Shopify's (SHOP 4.59%) stock price surged 17% on Thursday, Oct. 27, in response to its third-quarter earnings report. The e-commerce service provider's revenue rose 22% year over year to $1.37 billion and beat analysts' estimates by $30 million. Its adjusted net loss narrowed from $103 million to $30 million, or $0.02 per share, which cleared the consensus forecast by $0.05.

Is Shopify finally primed to bounce back after losing roughly three-quarters of its value this year? Let's review the company's main challenges, current growth rates, and valuations to see whether the stock is worth buying again.

A person shops for purses online.

Image source: Getty Images.

What happened to Shopify?

Shopify's platform allows businesses to set up their own e-commerce sites, process payments, fulfill orders, and manage their marketing campaigns. It's a popular option for businesses that don't want to tether themselves to a large online marketplace like Amazon (AMZN -0.09%).

Shopify's growth in gross merchandise volume (GMV), gross payment volume (GPV), and total revenue accelerated significantly in 2020 as the pandemic forced more businesses to sell their products online. However, its growth decelerated over the past two years as the pandemic passed and those tailwinds dissipated.

Metric

First 9 Months of 2022

2021

2020

2019

GMV growth (YOY)

12%

47%

96%

49%

GPV growth (YOY)

24%

59%

110%

55%

Revenue growth (YOY)

20%

57%

86%

47%

Data source: Shopify. YOY = year over year.

Many of Shopify's merchants also relied heavily on Meta Platforms' Facebook and Instagram to advertise their products. Apple's privacy changes on iOS affected those targeted ads and could also impact its near-term revenue growth.

Shopify didn't provide clear-cut guidance for the rest of the year, but it predicted its GMV growth would "outperform the broader U.S. retail market" in the fourth quarter. That's even as the stronger dollar, higher inflation, and rising interest rates "continue to negatively affect the consumer's purchasing power of discretionary goods and services." Analysts expect its revenue to rise 19% to $5.5 billion this year and grow another 23% to $6.8 billion in 2023.

Investors are more worried about its margins

Shopify has been ramping up its spending as its revenue growth slows down. It acquired 6 River Systems in 2019 to strengthen its first-party logistics network and acquired the influencer marketing start-up Dovetale and the logistics company Deliverr earlier this year. Those acquisitions -- which expanded its lower-margin merchant solutions segment instead of its higher-margin subscription services segment -- compressed Shopify's gross margins and caused it to turn unprofitable again on a GAAP (generally accepted accounting principles) basis.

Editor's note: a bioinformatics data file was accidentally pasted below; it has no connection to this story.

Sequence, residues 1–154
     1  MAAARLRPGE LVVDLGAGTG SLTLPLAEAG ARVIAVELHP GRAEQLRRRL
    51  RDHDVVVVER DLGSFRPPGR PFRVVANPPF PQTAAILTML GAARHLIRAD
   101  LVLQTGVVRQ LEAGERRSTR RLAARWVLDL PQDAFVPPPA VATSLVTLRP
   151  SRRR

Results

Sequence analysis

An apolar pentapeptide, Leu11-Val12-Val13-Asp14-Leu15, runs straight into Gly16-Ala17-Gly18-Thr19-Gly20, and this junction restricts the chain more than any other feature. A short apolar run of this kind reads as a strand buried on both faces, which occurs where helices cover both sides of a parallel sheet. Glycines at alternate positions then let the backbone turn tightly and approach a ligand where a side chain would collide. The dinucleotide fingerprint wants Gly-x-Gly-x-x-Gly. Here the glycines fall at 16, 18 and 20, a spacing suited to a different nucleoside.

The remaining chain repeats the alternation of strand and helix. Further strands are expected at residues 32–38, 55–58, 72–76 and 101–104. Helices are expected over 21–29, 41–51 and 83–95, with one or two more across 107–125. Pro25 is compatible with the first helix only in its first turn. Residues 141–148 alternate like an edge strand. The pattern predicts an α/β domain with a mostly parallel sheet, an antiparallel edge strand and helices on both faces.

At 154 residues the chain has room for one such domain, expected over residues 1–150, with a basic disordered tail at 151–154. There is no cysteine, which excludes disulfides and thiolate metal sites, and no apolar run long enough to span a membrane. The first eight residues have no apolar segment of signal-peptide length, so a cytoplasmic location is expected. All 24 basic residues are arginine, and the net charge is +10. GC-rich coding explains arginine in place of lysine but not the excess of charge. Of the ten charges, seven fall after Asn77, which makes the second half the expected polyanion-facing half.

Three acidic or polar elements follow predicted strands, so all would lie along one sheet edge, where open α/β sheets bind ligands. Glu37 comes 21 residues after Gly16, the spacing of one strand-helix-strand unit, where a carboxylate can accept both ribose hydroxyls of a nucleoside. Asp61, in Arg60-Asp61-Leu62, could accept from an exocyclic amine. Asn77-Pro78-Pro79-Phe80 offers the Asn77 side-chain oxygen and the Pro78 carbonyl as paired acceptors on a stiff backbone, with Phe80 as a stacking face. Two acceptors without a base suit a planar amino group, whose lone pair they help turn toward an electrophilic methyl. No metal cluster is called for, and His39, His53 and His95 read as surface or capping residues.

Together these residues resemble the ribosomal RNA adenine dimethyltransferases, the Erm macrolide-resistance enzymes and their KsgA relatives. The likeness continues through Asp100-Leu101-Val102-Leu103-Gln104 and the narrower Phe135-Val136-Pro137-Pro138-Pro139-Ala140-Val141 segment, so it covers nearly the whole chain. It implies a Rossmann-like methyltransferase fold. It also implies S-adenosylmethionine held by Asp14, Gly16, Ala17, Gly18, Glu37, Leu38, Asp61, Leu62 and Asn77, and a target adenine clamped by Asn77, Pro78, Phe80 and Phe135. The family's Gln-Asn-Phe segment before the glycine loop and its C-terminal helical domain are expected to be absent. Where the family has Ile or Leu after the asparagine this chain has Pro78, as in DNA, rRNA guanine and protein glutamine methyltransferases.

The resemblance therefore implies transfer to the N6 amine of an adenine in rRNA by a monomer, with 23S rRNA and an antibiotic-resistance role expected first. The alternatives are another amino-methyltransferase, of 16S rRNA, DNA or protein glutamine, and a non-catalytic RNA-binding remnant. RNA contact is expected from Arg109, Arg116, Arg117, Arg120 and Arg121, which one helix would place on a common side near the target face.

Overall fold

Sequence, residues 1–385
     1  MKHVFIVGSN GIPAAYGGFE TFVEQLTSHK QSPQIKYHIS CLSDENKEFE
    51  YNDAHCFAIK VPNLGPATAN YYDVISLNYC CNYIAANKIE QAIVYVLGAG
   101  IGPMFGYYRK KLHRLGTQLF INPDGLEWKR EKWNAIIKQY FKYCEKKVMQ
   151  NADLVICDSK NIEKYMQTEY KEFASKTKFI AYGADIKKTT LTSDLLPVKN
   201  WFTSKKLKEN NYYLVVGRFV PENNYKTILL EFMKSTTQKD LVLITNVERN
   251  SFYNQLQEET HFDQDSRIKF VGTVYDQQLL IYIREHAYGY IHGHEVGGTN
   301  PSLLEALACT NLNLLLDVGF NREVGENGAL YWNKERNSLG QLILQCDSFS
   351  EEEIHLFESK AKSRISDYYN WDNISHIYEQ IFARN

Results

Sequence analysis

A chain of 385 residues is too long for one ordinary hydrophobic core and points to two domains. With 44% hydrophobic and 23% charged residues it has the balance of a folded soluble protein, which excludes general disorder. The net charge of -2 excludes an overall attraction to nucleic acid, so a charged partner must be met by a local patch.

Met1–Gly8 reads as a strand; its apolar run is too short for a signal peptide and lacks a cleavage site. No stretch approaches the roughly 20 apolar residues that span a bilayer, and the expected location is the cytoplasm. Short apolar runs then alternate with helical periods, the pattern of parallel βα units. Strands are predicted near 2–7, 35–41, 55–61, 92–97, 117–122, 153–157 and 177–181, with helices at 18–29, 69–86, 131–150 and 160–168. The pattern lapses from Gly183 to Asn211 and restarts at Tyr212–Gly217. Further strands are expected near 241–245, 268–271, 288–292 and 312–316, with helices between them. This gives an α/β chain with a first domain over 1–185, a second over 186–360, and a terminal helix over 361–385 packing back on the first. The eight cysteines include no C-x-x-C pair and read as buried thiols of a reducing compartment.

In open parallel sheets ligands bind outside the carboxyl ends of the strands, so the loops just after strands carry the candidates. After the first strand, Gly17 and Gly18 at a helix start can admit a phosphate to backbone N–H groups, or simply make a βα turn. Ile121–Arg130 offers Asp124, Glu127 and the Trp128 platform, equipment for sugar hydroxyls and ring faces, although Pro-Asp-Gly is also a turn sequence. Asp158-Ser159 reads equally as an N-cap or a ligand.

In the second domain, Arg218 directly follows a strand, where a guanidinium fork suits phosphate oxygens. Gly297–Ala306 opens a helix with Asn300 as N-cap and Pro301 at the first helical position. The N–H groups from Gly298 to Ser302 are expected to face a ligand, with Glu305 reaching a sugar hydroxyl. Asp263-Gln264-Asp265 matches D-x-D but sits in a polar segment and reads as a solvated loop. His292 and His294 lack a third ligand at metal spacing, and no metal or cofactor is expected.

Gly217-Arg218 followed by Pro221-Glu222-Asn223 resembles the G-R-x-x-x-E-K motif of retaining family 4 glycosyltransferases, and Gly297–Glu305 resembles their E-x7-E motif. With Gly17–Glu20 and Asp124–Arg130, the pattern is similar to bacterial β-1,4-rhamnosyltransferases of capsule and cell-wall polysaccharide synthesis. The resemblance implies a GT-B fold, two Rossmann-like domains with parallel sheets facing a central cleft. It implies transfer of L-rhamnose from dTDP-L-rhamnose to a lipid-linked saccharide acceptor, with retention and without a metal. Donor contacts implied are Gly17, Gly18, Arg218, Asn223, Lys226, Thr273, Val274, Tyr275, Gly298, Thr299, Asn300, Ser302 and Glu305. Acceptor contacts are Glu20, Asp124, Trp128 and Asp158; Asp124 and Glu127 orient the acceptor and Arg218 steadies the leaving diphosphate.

Metric

First 9 Months of 2022

2021

2020

2019

Gross margin

50.6%

53.8%

52.6%

54.9%

Operating income

($634 million)

$269 million

$90 million

($141 million)

Net income

($2.84 billion)

$2.91 billion

$320 million

($125 million)

Data source: Shopify. YOY = year over year.

Analysts expect Shopify to post a whopping net loss of $3.08 billion this year, followed by a narrower net loss of $807 million in 2023. But it's unlikely to break even anytime soon -- and all that red ink has made it an unappealing investment as interest rates continue to rise. To make matters worse, Shopify still faces fierce competition from similar e-commerce service providers like BigCommerce, Adobe's Magento, and Amazon's Selz. The saturation of this market could ultimately limit Shopify's pricing power and make it even tougher to narrow its losses.

Is Shopify's stock getting too cheap to ignore?

Shopify's stock currently trades at less than five times next year's sales. That price-to-sales ratio might seem reasonable, but it still isn't a screaming bargain compared to its e-commerce peers. BigCommerce, which is growing at a comparable rate to Shopify, trades at three times next year's sales. MercadoLibre and Pinduoduo, both growing faster than Shopify, also trade at about three times next year's sales.

Therefore, I believe Shopify's stock could still easily lose another 40% of its value -- which would put it just above its initial public offering (IPO) price of $17 from 2015 -- before it's considered too cheap to ignore. I don't think Shopify is doomed since it was still sitting on $4.9 billion in cash, cash equivalents, and marketable securities at the end of the third quarter. But I also wouldn't rush to chase its post-earnings pop when so many other high-quality e-commerce stocks are still on sale.